Xcel Energy’s plans to build a massive solar project next to its retiring Sherco coal-fired power plant in central Minnesota could get a boost from the climate and energy law recently passed by Congress.
Minnesota U.S. Senator Tina Smith toured the coal plant on Monday, along with state and labor union officials and Xcel leaders.
From the roof of one of the coal-burning units slated to be shut down by 2030, they got a bird’s eye view of the sprawling farm fields surrounding the coal plant, where Xcel hopes to start building the solar project in earnest by next spring.
Chris Clark, president of Xcel in Minnesota, North and South Dakota, said Xcel has had a long presence of producing power in the Becker community, and plans to continue doing so with the 460-megawatt Sherco solar project.
Grow the Future of Public Media
MPR News is supported by Members. Gifts from individuals power everything you find here. Make a gift of any amount today to become a Member!
"We're excited to turn this into the state's biggest solar installation — one of the biggest in the country –— and to continue being an important energy presence on the system," Clark said.
Last Thursday, the Minnesota Public Utilities Commission approved site and route permits for the solar project and two transmission lines. The commission still needs to approve a plan for how Xcel can recover the project's costs.
Xcel officials praised Smith’s efforts to help pass the Inflation Reduction Act, which they say will help the solar project become reality. Clark said the tax credits included in the law are expected to reduce its price tag — initially estimated at $575 million — by about 20 percent.
There are also additional benefits in the law for locating a clean energy project at a retiring fossil fuel plant, Clark said. Xcel has said that it makes sense to put the solar project next to Sherco, because it can take advantage of the existing infrastructure to connect to the electrical grid.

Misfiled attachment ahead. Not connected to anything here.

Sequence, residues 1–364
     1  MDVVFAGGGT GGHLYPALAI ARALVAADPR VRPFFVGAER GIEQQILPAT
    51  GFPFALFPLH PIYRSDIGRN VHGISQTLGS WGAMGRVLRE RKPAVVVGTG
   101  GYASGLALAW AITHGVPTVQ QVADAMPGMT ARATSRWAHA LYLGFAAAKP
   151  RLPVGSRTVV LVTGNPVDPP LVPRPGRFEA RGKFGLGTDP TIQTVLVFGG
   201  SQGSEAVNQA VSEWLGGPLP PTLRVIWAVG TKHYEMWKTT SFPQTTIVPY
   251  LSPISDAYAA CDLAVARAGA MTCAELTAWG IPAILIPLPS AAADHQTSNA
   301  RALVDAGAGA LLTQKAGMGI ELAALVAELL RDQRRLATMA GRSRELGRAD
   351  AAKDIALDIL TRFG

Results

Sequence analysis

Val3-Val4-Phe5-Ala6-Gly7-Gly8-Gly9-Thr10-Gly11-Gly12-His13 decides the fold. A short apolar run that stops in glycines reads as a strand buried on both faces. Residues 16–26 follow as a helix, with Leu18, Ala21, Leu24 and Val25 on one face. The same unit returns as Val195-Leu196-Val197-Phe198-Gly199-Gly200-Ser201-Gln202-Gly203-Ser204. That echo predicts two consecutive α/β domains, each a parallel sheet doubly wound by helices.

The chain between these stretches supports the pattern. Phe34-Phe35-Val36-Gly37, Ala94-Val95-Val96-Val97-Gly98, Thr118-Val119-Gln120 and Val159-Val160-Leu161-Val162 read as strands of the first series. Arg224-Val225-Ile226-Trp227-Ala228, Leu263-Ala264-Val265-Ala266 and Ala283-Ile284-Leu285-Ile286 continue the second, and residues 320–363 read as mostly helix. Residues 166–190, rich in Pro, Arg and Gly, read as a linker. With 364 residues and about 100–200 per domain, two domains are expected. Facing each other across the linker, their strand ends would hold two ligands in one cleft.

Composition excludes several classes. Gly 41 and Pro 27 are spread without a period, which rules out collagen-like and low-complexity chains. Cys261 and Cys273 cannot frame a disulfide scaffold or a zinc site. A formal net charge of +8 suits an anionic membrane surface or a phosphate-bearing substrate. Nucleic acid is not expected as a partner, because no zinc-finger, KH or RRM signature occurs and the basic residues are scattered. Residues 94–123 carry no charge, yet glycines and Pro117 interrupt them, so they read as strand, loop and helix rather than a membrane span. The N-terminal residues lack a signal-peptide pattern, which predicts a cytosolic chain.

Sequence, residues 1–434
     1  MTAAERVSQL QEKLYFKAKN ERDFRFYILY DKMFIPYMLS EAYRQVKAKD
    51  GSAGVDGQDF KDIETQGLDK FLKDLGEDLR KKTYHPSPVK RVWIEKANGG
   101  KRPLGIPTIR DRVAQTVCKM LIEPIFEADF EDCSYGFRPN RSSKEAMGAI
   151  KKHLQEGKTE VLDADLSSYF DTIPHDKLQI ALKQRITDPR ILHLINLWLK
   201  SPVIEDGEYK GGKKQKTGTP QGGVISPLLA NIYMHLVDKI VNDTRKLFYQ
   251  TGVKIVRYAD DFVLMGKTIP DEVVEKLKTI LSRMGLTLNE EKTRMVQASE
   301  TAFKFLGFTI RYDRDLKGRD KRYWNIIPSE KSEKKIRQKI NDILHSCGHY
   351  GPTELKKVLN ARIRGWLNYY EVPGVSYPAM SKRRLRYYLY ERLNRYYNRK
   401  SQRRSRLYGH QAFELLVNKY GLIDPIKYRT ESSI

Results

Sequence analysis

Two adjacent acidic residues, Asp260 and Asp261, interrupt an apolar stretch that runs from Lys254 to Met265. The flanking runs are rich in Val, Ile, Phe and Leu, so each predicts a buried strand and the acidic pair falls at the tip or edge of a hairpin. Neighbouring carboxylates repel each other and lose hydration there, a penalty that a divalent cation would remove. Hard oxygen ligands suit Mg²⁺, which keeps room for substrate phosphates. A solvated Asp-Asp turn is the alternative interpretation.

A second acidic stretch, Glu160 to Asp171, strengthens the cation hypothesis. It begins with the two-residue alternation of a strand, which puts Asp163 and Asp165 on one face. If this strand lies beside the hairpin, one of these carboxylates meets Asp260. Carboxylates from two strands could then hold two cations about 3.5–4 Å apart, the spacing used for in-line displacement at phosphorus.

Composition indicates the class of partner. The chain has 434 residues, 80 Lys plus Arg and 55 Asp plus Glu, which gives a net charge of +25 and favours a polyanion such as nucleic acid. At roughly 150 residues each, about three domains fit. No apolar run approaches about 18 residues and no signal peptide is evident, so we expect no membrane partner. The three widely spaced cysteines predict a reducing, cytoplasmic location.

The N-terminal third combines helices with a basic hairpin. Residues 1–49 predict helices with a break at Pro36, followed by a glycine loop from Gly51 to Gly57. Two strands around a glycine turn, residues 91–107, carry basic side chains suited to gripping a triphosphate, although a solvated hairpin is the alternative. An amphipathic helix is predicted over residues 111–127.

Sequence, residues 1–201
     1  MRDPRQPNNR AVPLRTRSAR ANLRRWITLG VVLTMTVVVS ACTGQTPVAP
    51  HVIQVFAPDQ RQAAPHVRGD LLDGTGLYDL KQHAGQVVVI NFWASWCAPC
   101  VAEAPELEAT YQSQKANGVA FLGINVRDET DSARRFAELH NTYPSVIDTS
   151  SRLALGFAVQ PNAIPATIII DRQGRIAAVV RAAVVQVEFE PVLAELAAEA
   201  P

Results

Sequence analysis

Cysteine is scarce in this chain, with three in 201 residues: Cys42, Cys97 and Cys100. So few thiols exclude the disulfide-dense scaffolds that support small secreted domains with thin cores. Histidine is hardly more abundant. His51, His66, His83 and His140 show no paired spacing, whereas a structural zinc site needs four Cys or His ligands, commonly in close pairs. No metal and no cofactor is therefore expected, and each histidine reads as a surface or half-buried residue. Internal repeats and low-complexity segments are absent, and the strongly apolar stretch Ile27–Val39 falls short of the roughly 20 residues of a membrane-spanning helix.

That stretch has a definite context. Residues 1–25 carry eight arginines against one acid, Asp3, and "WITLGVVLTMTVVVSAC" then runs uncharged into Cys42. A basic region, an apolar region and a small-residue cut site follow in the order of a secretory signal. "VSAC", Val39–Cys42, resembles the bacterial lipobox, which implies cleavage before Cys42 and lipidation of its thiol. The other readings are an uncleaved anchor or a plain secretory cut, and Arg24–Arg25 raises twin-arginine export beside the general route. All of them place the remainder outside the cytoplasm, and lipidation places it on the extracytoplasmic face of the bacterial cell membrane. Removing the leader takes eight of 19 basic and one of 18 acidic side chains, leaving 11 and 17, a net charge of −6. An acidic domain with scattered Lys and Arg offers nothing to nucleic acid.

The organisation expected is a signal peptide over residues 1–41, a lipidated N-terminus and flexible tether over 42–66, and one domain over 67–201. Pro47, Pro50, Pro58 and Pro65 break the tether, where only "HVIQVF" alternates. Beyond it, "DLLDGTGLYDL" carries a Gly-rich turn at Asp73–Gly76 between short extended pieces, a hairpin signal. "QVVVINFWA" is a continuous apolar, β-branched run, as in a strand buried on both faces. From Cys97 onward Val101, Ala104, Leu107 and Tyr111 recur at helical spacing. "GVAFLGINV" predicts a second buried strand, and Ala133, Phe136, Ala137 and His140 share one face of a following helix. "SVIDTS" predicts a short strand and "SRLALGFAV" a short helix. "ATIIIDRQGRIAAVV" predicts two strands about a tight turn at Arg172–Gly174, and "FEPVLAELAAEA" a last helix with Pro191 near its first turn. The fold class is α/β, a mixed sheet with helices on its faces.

Smith, a Democrat, said the Inflation and Reduction Act helps support the transition to clean energy by providing local jobs in communities such as Becker, where workers have helped power Minnesota for decades.
“We designed this bill so that it would create opportunities not just any place, but in the places where there have been good union jobs,” she said. “We don't want those jobs to go away. We want them to be a part of the transition.”
Kevin Prantis with Laborers’ International Union of North America, said the project will offer an opportunity for people to pursue new careers in clean energy with the help of training and apprenticeship programs.
“There’s no replacement for Sherco,” he said. “The best we can do is say if you've been helping maintain this coal plant, do you want to figure out how to start installing solar panels, how to start doing work on solar projects, and move into other areas of work.”
Xcel hopes to start major construction on the solar project next spring. It will be built in two phases, in 2023-24 and 2024-25.
Xcel says the Sherco solar project would help toward its goal of producing carbon-free electricity by 2050. It also plans to continue operating the Monticello nuclear plant until at least 2040.